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How changing cooking habits can affect food safety

Posted: February 10th, 2012 by Craig comment-icon Comments disabled

The British have famously preferred their meat well-done, even to the point of resembling the sole of a shoe! And yet, over the last few years, more and more diners seem to be opting for a more European approach to the cooking of their meat.

Steaks are getting rarer, as is lamb and even pork. These changes in tastes raise certain issues regarding food safety. If meat is not thoroughly cooked through, it can cause infection if it is contaminated. Cooking eliminates bacteria or bugs that can cause illness in humans.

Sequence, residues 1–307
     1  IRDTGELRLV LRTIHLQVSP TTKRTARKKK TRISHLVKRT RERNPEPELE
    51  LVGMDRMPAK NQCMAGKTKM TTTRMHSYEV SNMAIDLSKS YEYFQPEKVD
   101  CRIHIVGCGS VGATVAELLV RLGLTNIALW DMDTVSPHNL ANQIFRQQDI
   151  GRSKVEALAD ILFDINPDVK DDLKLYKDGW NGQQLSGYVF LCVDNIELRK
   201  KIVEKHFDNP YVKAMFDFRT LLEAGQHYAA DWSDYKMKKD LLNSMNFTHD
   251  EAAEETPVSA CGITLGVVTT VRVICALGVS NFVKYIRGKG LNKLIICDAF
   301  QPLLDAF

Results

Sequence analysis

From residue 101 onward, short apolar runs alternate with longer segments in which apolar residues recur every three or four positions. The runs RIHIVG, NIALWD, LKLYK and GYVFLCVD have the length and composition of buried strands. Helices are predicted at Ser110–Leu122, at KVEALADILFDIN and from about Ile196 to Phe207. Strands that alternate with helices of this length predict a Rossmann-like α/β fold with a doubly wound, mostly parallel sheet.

Contamination can occur at any stage of the food production process, and of course, it is not limited to meat: sprouts caused a major outbreak of E. coli last year, and there have been other infections caused by vegetables or the soil stuck to them.

Attention needs to be paid to the way that food is stored, handled and prepared, if the risk of contamination is to be kept to a minimum. Food safety training is essential for those working in the food industry. Hygiene is of paramount importance, and workers need to understand the risks and how to reduce them, both in terms of personal hygiene and working practice.

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